Britain changes vaccine rollout measures for COVID and flu

Marco Green
October 17, 2020

CEO Albert Bourla said Pfizer may know by the end of October whether its shots are effective, depending on how many coronavirus cases appear during late-stage trials. That dims any lingering expectation that there could be a vaccine by Election Day, as President Trump has asserted. Trials for a vaccine produced by AstraZeneca remain frozen by the Food and Drug Administration after a neurological issue was discovered in a trial participant in the UK.

The CDC anticipates that up to 700 million doses of vaccine will be available in April of 2021, enough to vaccinate all Americans because most vaccines in development require two doses per person. "While there is work to be done, the submission of this document represents a positive step forward".

The World Health Organization's (WHO Geneva, Switzerland) chief scientist, Dr. Soumya Swaminathan, has warned that young and healthy people should be prepared to wait for immunization for well over a year. "Vaccines will arrive in dribs and drabs".

The United States has not joined the programme, meaning that the USA timeline for vaccine distribution may differ from the one laid out by the WHO. For instance, some vaccine candidates need cold storage and two doses.

"Right now, our model, our best case, predicts that we will have an answer by the end of October", Bourla previously said on the "Today" show.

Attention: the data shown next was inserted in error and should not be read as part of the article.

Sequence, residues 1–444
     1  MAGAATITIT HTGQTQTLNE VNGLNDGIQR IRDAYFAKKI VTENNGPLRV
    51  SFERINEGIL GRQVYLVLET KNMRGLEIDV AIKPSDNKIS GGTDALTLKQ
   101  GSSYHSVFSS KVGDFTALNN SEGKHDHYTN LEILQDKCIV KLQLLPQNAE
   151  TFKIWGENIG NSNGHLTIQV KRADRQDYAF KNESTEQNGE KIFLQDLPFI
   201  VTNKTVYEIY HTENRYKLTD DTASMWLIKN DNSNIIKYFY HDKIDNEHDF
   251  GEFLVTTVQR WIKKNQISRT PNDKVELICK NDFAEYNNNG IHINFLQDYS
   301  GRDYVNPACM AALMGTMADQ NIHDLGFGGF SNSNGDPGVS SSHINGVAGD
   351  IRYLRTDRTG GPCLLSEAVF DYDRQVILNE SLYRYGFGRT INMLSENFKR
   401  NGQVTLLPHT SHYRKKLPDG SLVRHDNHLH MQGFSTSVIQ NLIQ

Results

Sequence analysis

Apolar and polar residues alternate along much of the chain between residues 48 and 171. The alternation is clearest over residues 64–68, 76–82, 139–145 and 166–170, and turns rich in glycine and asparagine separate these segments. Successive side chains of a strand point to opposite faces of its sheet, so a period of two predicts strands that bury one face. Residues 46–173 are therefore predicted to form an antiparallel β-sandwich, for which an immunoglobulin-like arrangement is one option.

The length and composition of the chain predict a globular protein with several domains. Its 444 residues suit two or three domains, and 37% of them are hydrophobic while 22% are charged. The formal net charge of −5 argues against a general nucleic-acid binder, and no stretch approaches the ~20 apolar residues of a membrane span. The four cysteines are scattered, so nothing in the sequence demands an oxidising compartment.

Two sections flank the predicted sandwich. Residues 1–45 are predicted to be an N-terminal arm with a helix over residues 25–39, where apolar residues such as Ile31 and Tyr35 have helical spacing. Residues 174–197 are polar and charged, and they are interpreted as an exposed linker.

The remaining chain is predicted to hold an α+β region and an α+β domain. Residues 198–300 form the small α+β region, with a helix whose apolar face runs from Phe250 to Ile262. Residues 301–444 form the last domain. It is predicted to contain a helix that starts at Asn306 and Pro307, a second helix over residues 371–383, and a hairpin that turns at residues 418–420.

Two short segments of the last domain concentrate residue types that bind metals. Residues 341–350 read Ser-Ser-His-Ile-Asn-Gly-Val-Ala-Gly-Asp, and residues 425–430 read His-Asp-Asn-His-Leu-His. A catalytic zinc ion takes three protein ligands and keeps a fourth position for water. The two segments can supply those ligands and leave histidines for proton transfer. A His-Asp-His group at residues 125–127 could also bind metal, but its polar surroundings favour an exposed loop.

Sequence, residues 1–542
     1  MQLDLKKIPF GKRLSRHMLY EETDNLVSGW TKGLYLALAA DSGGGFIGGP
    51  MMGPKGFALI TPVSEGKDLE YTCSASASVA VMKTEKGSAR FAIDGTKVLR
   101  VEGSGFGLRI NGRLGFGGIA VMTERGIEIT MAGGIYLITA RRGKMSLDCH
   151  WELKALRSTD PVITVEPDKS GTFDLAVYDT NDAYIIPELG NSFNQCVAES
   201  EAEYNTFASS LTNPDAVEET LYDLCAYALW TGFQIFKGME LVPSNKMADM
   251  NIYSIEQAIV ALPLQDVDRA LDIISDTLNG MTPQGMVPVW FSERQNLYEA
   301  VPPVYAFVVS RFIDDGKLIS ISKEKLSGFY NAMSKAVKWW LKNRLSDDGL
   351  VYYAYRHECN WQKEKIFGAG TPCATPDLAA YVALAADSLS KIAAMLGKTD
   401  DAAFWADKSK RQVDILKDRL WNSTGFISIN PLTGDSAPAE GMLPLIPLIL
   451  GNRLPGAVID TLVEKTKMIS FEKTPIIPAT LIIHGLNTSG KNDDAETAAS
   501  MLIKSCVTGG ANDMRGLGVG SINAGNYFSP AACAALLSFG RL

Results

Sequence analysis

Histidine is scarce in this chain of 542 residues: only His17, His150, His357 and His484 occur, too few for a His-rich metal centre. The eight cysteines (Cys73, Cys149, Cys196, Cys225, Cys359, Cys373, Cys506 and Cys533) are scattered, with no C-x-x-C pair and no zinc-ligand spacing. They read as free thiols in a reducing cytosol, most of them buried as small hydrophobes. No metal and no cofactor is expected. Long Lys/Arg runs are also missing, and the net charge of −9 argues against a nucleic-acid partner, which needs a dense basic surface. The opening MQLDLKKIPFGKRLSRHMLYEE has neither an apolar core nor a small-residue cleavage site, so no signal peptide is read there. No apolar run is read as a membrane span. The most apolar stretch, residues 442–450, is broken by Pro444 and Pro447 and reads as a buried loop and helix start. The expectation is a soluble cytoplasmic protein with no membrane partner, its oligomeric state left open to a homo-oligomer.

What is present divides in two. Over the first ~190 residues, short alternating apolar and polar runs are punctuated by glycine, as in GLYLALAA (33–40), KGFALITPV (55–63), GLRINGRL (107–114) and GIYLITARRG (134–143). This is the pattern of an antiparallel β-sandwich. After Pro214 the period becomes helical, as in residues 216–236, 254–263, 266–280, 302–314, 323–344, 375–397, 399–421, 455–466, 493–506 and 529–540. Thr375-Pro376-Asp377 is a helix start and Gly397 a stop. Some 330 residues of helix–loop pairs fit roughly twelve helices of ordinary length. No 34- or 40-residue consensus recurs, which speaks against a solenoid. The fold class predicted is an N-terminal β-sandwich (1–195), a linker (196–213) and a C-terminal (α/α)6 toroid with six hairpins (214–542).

The letter was welcomed by Eric Topol, a physician-scientist at Scripps Research Translational Institute who joined other experts in sending a letter to Bourla in late September, asking the company not to seek authorization for a vaccine before late November. What's more, "from the contact tracing reports from various municipalities and states, the worry is that the spread is driven now, by indoor social gatherings in people's homes", he added, as the focus of social life shifts from public to private spaces in the colder weather. The pandemic has sickened more than 5,800 people in ME and claimed 145 lives. Other groups, such as seniors and people with serious chronic medical conditions, have also been disproportionately affected.

As countries worldwide work to establish guidelines about prioritizing who gets the vaccine and when, healthcare officials said that the most vulnerable groups and those at the highest risk of getting sick from COVID-19 should be first in line.

People providing essential services such as health care and education should be among the first to be vaccinated, he said. Whichever version is approved will affect Maine's plan, and who will receive the vaccine first.

Use the form below to reset your password.

Other reports by Click Lancashire

Discuss This Article